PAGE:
Yes? Great! You probably don’t need my help. However, if you’re looking for architectural / design guidance with existing software or a new project then perhaps you would be curious to know how companies such as PayPal, Apple, Amazon, VMware, eBay, Yahoo, NASA, Pacific Gas and Electric, The Gap, 24 Hour Fitness and Williams-Sonoma have approached such. Better yet, to have available an ally that, having been involved in all aspects of the software development lifecycle (SDLC) within such organizations, can distill all that’s been learned and effected, and bring to bear the sum of all that experience to your benefit.
My name is Matthew Phillips and I’ve been involved in I.T. since 1989. I began as a developer on AS/400 systems and became involved in software architecture in 1997. Since then, I’ve either been a direct contributor or have been entirely responsible for the architecture and implementation of projects at the above companies.
Did I say implementation? Yes, I do get my hands dirty. I have four modes of engagement depending on what a client needs.
In the first mode, my responsibilities are primarily for the design only. The deliverables in this kind of engagement typically include scoping, requirements and design documents as well as prototypical / POC code and possibly framework components. After this point internal teams take over (including internal architects who may have had other responsibilities at the beginning of the project). I then roll off the project.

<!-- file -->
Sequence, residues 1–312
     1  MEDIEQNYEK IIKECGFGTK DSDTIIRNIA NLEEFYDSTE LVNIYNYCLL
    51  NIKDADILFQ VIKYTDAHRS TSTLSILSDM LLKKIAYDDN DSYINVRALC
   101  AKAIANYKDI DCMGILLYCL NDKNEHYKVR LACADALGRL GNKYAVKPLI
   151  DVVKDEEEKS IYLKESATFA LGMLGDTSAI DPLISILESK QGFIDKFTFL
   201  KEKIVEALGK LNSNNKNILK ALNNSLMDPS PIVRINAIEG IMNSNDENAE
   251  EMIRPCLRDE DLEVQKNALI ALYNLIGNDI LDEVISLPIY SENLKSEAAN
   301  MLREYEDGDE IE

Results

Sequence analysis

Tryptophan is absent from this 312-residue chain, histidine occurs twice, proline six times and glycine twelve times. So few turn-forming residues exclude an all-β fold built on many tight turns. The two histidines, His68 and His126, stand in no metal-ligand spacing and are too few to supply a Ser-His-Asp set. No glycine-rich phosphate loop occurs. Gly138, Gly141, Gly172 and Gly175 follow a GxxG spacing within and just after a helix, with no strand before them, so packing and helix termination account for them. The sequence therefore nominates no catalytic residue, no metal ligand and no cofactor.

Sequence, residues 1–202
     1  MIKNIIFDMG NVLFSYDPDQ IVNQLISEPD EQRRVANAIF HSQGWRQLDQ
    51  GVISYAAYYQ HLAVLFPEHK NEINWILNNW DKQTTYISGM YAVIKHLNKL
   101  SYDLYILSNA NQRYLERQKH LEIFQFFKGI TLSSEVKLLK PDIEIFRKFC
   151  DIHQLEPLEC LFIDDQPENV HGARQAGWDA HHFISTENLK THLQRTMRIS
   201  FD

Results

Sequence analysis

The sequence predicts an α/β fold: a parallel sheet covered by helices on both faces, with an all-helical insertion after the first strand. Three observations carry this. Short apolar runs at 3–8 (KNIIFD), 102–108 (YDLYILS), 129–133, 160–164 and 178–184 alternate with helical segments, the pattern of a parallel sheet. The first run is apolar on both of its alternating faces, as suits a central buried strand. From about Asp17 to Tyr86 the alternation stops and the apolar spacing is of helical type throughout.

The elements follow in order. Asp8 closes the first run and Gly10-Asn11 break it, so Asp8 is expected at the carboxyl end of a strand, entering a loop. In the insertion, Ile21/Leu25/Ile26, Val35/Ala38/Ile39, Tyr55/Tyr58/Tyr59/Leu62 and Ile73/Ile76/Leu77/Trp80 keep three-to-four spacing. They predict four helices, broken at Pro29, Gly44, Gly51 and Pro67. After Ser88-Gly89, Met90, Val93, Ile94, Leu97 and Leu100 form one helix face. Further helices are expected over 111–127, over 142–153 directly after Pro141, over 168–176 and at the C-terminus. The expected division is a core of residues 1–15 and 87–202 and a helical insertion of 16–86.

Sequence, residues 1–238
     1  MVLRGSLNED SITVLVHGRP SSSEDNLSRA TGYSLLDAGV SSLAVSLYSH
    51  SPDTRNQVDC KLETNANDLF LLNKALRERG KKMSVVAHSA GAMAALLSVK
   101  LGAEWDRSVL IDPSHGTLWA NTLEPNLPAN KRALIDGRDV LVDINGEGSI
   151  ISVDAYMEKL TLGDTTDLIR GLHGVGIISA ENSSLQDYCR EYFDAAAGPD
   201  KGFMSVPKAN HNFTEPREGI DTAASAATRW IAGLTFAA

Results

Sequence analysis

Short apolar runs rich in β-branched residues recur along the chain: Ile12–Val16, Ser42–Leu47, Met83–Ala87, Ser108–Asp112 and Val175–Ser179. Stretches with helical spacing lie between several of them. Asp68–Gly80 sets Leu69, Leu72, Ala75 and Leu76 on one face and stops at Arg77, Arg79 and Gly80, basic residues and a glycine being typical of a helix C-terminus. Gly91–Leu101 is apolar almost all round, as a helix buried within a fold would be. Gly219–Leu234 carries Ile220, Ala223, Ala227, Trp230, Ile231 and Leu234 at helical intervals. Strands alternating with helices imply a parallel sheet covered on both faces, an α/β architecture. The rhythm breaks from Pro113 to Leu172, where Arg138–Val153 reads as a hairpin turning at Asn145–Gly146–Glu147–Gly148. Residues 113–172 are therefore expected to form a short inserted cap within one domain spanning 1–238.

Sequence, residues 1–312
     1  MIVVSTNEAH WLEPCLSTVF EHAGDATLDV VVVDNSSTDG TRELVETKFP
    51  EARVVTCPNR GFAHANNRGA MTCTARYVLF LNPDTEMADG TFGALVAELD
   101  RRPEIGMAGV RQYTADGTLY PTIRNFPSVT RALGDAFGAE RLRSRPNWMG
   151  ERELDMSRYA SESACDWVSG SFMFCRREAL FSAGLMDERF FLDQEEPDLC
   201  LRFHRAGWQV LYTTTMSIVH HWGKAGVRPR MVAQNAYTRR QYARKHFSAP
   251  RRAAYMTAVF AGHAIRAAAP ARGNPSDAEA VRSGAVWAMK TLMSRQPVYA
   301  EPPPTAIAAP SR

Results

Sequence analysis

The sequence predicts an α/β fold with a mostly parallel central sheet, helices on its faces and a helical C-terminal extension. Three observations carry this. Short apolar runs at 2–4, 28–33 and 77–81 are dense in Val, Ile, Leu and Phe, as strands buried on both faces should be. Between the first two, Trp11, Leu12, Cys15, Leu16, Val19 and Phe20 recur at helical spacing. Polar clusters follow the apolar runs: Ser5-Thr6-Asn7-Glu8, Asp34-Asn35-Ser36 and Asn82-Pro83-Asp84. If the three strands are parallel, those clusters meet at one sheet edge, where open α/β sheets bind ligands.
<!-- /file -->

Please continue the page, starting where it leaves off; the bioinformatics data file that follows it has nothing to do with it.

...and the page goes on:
The second mode, again depending on the will of the client, includes all of the deliverables associated with the first mode above but in addition, I will remain on the project until production roll out. During the development phase of the project, my responsibilities typically include the monitoring of progress with regards to its adherence to the architecture (enforcing interface contracts), iterative updates to the design as per the client’s project management processes (eg. Agile, Scrum, RUP). I will also be involved in building out framework components and possibly even directly involved in the development of specific domain code. In addition, I will often find myself mentoring other developers via code walkthroughs, presentations and so forth.
The third mode is the one man show. Basically a turnkey / bespoke service including scoping, requirements, design, development (UI and backend) and post production support with an agreed time frame after which the client takes ownership of the application. Working in this mode and the second mode above allows me to stay current with technologies of implementation which makes for being a better architect.
Finally, the forth mode is where, either as requested by my chain of command, I insert myself within a team outside of that chain of command or, as is more traditional, am hired directly by a team on an ongoing basis. This can be at the start or mid-way through a project for which extra help is sought. My role in such engagements is similar to that described above as regards the development phase of mode 2 engagements. I will be assisting with business / technical (full stack) domain component development as well as making recommendations as to the evolution of the design.
Over the course of my career (I regard myself as a career consultant), I have been involved in many projects and environments. As such, I have seen how various approaches play out (not just mine, but with the happenings on other projects on a given assignment). This has led to an instinctive sense of what is going to work and what isn’t. Of course, this is a rational field of endeavour and as such, where I perceive risk, I don’t just rely on instinct alone, but will attempt to mitigate such risk with its early identification and via prototyping and proof-of-concept work.